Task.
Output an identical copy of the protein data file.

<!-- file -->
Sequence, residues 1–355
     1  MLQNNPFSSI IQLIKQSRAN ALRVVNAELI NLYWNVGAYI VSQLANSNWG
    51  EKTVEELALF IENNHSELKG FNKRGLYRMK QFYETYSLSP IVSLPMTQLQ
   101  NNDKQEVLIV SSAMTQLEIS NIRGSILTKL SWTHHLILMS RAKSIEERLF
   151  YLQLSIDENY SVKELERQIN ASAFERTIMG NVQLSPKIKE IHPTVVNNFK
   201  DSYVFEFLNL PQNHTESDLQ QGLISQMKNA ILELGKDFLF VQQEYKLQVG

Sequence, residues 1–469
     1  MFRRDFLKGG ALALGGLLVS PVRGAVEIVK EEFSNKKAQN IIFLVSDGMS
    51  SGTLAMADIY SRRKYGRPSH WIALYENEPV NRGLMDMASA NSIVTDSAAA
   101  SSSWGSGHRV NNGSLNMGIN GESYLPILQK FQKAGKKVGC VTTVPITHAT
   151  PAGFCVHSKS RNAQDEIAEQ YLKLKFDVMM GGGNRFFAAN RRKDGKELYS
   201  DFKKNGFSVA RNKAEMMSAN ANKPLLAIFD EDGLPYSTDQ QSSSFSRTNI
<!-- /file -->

Sequence, residues 1–355
     1  MLQNNPFSSI IQLIKQSRAN ALRVVNAELI NLYWNVGAYI VSQLANSNWG
    51  EKTVEELALF IENNHSELKG FNKRGLYRMK QFYETYSLSP IVSLPMTQLQ
   101  NNDKQEVLIV SSAMTQLEIS NIRGSILTKL SWTHHLILMS RAKSIEERLF
   151  YLQLSIDENY SVKELERQIN ASAFERTIMG NVQLSPKIKE IHPTVVNNFK
   201  DSYVFEFLNL PQNHTESDLQ QGLISQMKNA ILELGKDFLF VQQEYKLQVG

Sequence, residues 1–469
     1  MFRRDFLKGG ALALGGLLVS PVRGAVEIVK EEFSNKKAQN IIFLVSDGMS
    51  SGTLAMADIY SRRKYGRPSH WIALYENEPV NRGLMDMASA NSIVTDSAAA
   101  SSSWGSGHRV NNGSLNMGIN GESYLPILQK FQKAGKKVGC VTTVPITHAT
   151  PAGFCVHSKS RNAQDEIAEQ YLKLKFDVMM GGGNRFFAAN RRKDGKELYS
   201  DFKKNGFSVA RNKAEMMSAN ANKPLLAIFD EDGLPYSTDQ QSSSFSRTNI